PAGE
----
Max towing of 3,500 pounds trails bigger UTVs that can tow over 5,000 pounds. Fine for light trailers but limits heavy hauling.

4. No Winch Stock

Winches come in handy for self-recovery but aren’t included stock. Need to add an aftermarket winch.

5. Basic Suspension

While ride quality is fairly plush, the basic double A-arm suspension can’t match premium models with long travel shocks and adjustable damping. Hits bumps harder.

6. Jerky Transmission

Some owners report jerky shifting from the CVT, especially as the belt wears. Not as refined as Polaris/Can-Am CVT feel.

7. Cheap Plastics

Reviewers note some of the plastic components feel cheap and flimsy. Durability concerns in rugged environments.

While the 400 is very capable off-road, it lacks some comfort, convenience, and performance features found on pricier models. Depends if you need those extras.

How Does the Coleman 400 Compare?

So how does the Coleman 400 stack up against competitors like the Polaris RZR, Can-Am Maverick, Honda Talon, and Kawasaki Teryx?

The Polaris RZR and Can-Am Maverick are two of the most popular lines. They offer more powerful engines (100+ hp), power steering, better suspension travel, more payload capacity, and higher top speeds.

However, they also cost almost twice as much as the Coleman 400. The RZR and Maverick are better for dune running and higher speed use but major overkill for casual trail riding.

The Honda Talon and Kawasaki Teryx also outperform the Coleman 400 but are pricier. The Talon has Fox shocks and 15 inches of travel while the Teryx has a rugged feel and reputation.

For the price, the Coleman can handle 90% of recreational riding needs. But high-performance enthusiasts will want a more powerful engine and advanced suspension.

Here’s a specs comparison versus top competitors:

Coleman 400400cc30 hp3,500 lb1,200 lb$9,999
Polaris RZR XP 1000999cc110 hp5,000 lb1,500 lb$19,999
Can-Am Maverick X3900cc120 hp1,500 lb1,500 lb$22,999
Honda Talon 1000R999cc125 hp2,000 lb300 lb$19,999
Kawasaki Teryx KRX 1000998cc110 hp2,000 lb600 lb$18,999

As you can see, the Coleman compares very favorably on price but trails on power, payload capacity, and towing abilities.

Who is the Coleman 400 Best Suited For?

The Coleman 400 hits the sweet spot for:

  • Budget-conscious – The affordable price makes it accessible unlike premium $20k+ models.
  • Beginner/casual riders – Easy to drive with automatic CVT. Plenty capable for normal recreational use.
  • Farm/ranch use – Good for chores, hauling feed, pulling small trailers short distances.
  • Hunters – Effective for setting up tree stands, transporting gear, dragging out big game.
  • Camping – Carries gear well and travels to remote campsites. Add a roof accessory for storage.
  • Occasional off-roading – Tackles most trails and conditions for weekend fun. Good bang for buck.

The 400 matches well with farmers, ranchers, hunters, and beginners. It can handle exciting trails at lower speeds. But high-speed dune fanatics may want more power.

Coleman 400 UTV Accessories

One of the best things about the Coleman 400 is the huge selection of accessories and add-ons:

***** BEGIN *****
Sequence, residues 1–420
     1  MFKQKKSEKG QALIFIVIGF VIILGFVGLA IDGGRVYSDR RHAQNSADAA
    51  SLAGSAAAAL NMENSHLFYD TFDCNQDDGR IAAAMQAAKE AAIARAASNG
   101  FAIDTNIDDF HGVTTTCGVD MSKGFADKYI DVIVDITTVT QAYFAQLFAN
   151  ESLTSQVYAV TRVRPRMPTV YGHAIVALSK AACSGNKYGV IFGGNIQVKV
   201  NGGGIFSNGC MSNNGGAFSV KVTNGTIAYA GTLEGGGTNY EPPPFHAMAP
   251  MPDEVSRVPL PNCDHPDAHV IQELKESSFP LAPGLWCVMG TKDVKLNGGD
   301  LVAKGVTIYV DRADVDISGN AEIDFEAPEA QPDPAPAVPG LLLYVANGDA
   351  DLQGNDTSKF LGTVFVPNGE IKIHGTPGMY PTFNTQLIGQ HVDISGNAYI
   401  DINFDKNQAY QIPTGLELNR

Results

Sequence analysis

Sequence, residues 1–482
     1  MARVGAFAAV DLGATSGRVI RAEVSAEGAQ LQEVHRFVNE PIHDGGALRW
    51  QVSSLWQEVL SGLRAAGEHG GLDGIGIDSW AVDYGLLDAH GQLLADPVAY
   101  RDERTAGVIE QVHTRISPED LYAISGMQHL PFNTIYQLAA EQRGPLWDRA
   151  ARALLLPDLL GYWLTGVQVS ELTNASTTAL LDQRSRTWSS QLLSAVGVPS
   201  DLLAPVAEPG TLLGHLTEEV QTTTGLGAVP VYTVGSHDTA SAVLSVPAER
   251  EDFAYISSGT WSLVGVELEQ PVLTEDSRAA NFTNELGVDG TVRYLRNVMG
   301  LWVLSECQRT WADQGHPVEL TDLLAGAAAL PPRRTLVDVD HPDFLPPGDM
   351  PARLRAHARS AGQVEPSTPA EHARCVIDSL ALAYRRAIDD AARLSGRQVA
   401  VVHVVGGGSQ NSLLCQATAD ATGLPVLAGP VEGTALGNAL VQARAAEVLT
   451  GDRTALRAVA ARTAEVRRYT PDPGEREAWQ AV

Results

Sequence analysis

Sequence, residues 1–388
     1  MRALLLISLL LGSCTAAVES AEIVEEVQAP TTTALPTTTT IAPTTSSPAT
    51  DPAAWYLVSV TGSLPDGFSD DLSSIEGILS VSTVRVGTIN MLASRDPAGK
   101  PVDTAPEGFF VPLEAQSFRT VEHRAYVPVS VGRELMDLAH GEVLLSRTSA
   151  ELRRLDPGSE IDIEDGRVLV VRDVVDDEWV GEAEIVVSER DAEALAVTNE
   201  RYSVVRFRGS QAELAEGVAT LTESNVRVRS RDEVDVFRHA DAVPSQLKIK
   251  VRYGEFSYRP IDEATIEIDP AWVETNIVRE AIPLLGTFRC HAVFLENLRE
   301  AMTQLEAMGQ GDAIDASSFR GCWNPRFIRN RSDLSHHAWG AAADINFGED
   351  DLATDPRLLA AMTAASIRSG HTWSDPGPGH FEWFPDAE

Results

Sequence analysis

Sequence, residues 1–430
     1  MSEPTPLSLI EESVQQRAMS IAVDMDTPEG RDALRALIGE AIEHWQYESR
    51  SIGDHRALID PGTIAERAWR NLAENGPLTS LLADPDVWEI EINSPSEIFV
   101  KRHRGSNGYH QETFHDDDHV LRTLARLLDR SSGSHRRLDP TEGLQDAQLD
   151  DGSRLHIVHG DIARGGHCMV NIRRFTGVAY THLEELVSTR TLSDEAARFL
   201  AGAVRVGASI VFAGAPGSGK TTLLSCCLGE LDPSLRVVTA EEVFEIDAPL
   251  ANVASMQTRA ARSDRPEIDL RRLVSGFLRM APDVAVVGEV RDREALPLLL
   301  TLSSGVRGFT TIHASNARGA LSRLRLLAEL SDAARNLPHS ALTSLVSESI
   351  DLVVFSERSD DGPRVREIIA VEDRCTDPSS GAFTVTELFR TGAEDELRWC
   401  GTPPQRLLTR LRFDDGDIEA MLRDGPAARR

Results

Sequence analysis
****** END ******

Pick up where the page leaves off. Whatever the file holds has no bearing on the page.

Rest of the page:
• Windshields – Full windshields for protection from debris and weather.
  • Doors – Half doors and full doors improve safety and comfort.
  • Roof – Roof options like the Pro Armor Pursuit for storage and shade.
  • Audio – Add Bluetooth stereo systems for music and communication.
  • Lighting – LED light bars, reverse lights, and other lights improve visibility.
  • Winches – Winches up to 4,500 lb capacity for self-recovery when stuck.
  • Tires – Bigger off-road tire upgrades available. Popular choices include Maxxis Carnivore and ITP Mud Lite.
  • Suspension – Upgrades like 2″ lift kits improve ground clearance and suspension travel.

You can fully customize the 400 to match your needs whether it’s storage, lights, audio, or better performance. The possibilities are nearly endless.

Top Coleman 400 UTV Alternatives

The Coleman 400 provides amazing value but what if you have a bigger budget or need more capability? Here are top alternatives to consider:

  • Polaris RZR XP 1000 – With 110HP and plush suspension, the RZR XP 1000 is better for dunes and high speeds. Starts at $18,999.
  • Can-Am Maverick X3 – Blistering 120HP turbocharged engine pushes the limits in the dunes. Fox shocks soak up big hits. Around $22,999.
  • Yamaha YXZ1000R – Pure sport machine with a 998cc engine and 5-speed manual transmission. Race-ready durability. $19,799 MSRP.
  • Hisun Strike 1000 – 100HP brute with 14″ of travel for $15,999. One of the best values under $20k.
  • Honda Talon 1000R – Fox Live Valve suspension adjusts damping on the fly. 125HP. $20,999 starting price.

For more power and capabilities like power steering, bigger cargo beds, and better suspension, these UTVs take performance to the next level.

Coleman 400 UTV Review Conclusion

The Coleman 400 delivers incredible value in an entry-level recreational UTV. You get legitimate off-road capabilities at a price well under $10,000. It lacks premium features but gets all the basics right.

For easy trail riding, farm/ranch use, and normal recreational purposes, the 400 has all the performance you need. More demanding riders may want more engine power, suspension, and handling. But will pay double the price.

The plentiful accessories make the Coleman 400 highly customizable so you can upgrade its capabilities over time. It also holds resale value well thanks to strong demand.

Overall the Coleman 400 earns 4 out of 5 stars. It gives budget-minded outdoor enthusiasts an affordable way to get off the beaten path and explore the backcountry. For casual use, it’s hard to beat the bang for your buck.